Top of the Morning: Inside the Cutthroat World of Morning TV by Brian Stelter
My rating: 3 of 5 stars
Chronicling a tumultuous year in the history of morning television, a journalist goes behind the scenes to tell the real story behind Ann Curry's firing and the ratings wars.
In morning television, there is the juggernaut, Today, and then there is everyone else. For eight hundred and fifty straight weeks, Today was number one, raking in the advertising revenue. And then comes Ann Curry. Part one of Top of the Morning is the story of the Curry debacle at Today, part two recounts the woes and triumphs of Good Morning America, Today's chief rival, which took advantage of the crisis to aim for the coveted number one spot.
Stelter is not flattering to Curry, often calling her "strange" and "awkward" and painting Matt Lauer as her reasonable but bemused coanchor. Their chemistry was off from day one, and it was Curry who took the blame rather than the seasoned (male) anchor or any other aspect of the show (though he's received new heat after the debacle of her firing). Following on the heels of Lauer's warm relationship with Meredith Vieria, the contrast was obvious, and painfully awkward to witness. Once Lauer renewed his already lucrative contract for even more than his usual $20 million dollar-a-year paycheck, Curry's fate was sealed. And she didn't go quietly.
I don't quite buy Stelter's read on the situation, which casts Curry as the petulant bumbler and Lauer as the seasoned pro (Stetler was unable to interview Lauer for the book, and had other restrictions placed on what he wrote in exchange for behind-the-scenes access). Stetler does, to his credit, mention how often a female co-anchor bears the blame for failing ratings, only to be replaced by a newer model (Joan Lunden to Lisa McRee in 1997). Morning shows are created mostly by men for a mostly female audience, and that leads to conflicts.
Let's compare the coanchors Lauer had chemistry with to the one he didn't take to. You may draw your own conclusions:
Top of the Morning reads like a juicy gossip column. Packed with colorful writing (albeit, with sometimes overheated metaphors), Stelter maintains the breathless tone of someone keenly interested in the 'who hates who' backstories, even mentioning his own presence at a few of the important gatherings. He tracks the meanness and squabbles, the pettiness of men and women in charge of programs worth millions of dollars. They take their morning TV very seriously.
If you are even vaguely familiar with television, you'll recognize many of the names Stelter bandies about. I enjoyed hearing the gossip, though I confess to having to look up about half of the current and former morning show anchors mentioned. (The often-mentioned conflict between serious journalists and sensationalist fluff is one that makes me chuckle - to me, most broadcast news seems like highly compressed fluff anyway.) You won't learn a lot about the way morning shows function, or have to sit through the mysteries of Nielson ratings, but you will understand the backstory behind this infamous video:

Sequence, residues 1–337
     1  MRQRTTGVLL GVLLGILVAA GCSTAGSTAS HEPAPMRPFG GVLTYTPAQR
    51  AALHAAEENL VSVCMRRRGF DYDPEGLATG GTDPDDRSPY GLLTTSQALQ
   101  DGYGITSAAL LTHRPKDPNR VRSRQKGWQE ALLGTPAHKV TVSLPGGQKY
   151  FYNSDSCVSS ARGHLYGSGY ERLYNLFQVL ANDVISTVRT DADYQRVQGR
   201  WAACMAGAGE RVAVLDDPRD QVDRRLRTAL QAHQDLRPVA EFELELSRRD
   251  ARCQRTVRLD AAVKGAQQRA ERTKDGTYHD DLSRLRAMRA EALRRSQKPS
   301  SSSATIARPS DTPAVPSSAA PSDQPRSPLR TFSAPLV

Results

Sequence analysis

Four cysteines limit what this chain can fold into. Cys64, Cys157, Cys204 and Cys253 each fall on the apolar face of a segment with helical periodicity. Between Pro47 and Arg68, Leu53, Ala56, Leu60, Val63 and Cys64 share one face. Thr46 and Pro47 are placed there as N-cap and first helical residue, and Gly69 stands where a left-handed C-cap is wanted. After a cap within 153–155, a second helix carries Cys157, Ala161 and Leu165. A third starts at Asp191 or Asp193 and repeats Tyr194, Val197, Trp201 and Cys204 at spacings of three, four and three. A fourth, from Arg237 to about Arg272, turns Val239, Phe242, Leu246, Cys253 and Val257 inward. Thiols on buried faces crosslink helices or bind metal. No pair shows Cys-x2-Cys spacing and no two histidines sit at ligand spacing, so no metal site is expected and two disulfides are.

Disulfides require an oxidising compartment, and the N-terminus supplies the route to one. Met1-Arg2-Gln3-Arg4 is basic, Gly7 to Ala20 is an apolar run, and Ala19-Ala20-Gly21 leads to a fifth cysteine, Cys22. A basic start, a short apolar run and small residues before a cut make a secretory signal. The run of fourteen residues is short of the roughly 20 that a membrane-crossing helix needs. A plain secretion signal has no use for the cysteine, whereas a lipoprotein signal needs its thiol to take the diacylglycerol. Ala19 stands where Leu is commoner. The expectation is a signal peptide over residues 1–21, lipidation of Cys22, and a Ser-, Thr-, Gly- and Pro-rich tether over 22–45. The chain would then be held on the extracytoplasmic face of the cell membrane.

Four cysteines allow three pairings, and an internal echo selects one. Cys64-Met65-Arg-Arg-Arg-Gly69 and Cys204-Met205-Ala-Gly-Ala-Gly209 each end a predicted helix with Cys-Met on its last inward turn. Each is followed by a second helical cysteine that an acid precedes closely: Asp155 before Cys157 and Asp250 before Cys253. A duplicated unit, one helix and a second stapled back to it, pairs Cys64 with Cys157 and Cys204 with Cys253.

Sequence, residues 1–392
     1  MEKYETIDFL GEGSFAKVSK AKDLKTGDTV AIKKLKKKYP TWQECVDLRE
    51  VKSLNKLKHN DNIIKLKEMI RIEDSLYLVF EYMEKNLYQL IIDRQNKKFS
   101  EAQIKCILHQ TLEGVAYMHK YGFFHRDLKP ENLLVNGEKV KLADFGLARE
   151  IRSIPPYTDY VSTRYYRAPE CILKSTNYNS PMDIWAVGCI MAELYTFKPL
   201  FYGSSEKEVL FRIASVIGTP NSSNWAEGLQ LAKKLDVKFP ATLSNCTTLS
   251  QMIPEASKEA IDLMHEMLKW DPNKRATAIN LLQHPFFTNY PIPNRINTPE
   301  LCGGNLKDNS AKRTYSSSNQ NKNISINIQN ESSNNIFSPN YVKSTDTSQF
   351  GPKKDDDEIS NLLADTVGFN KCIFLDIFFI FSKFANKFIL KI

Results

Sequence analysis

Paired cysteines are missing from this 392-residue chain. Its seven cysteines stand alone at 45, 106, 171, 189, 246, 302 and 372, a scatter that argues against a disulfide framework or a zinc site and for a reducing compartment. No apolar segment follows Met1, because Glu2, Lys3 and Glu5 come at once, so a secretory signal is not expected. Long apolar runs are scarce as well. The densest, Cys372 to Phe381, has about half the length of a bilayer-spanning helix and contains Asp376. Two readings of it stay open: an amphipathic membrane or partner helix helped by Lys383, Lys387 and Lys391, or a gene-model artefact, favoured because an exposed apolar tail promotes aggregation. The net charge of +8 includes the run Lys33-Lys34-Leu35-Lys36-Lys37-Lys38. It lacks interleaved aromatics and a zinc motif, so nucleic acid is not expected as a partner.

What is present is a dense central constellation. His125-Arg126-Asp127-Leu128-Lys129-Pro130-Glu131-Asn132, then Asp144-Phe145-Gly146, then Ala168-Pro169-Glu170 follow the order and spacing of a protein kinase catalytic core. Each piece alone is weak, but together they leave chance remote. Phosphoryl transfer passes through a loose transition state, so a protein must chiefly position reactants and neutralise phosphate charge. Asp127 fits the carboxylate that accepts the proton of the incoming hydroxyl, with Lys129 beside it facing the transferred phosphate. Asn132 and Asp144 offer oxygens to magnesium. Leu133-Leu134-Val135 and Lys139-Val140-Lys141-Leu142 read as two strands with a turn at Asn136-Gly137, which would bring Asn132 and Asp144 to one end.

Want more behind-the-scenes? Try The Late Shift: Letterman, Leno, & the Network Battle for the Night by Bill Carter, or Live from New York: An Uncensored History of Saturday Night Live by Tom Shales and James Andrew Miller.
"In the TV world, as you may know, 'to do something' often means 'to fire someone.'" - 4
"A genuine meanness seemed to color the staff's attitude toward their troubled colleague [Ann Curry], something that looked from certain angleslike the giddiness brought on by a sense of doom. One staff member, offended by the behavior, said 'a lot of time in the control room was spent making fun of Ann's outfit choices or just generally messing with her.' On one memorable morning, Curry wore a bright-yellow dress that spawned snarky comparisons to Big Bird." - 80
"When TV critics and anonymous sources blamed a lack of 'chemistry' for Curry's bad year with Lauer, she heard a euphemism for something else. Several friends recalled her saying, 'Chemistry, in television history, generally means the man does not want to work with the woman.' They said she added, 'It's an excuse generally used by men in positions of power to say 'The woman doesn't work.' Historical examples abound: Connie Chung and Dan Rather; Barbara Walters and Harry Reasoner. Chemistry, Curry argued, is when both people want to play catch - when somebody isn't interested in playing catch, that's when there isn't chemistry. She, at least in her own mind, came to work every day with her glove on and her throwing arm all warmed up." - 249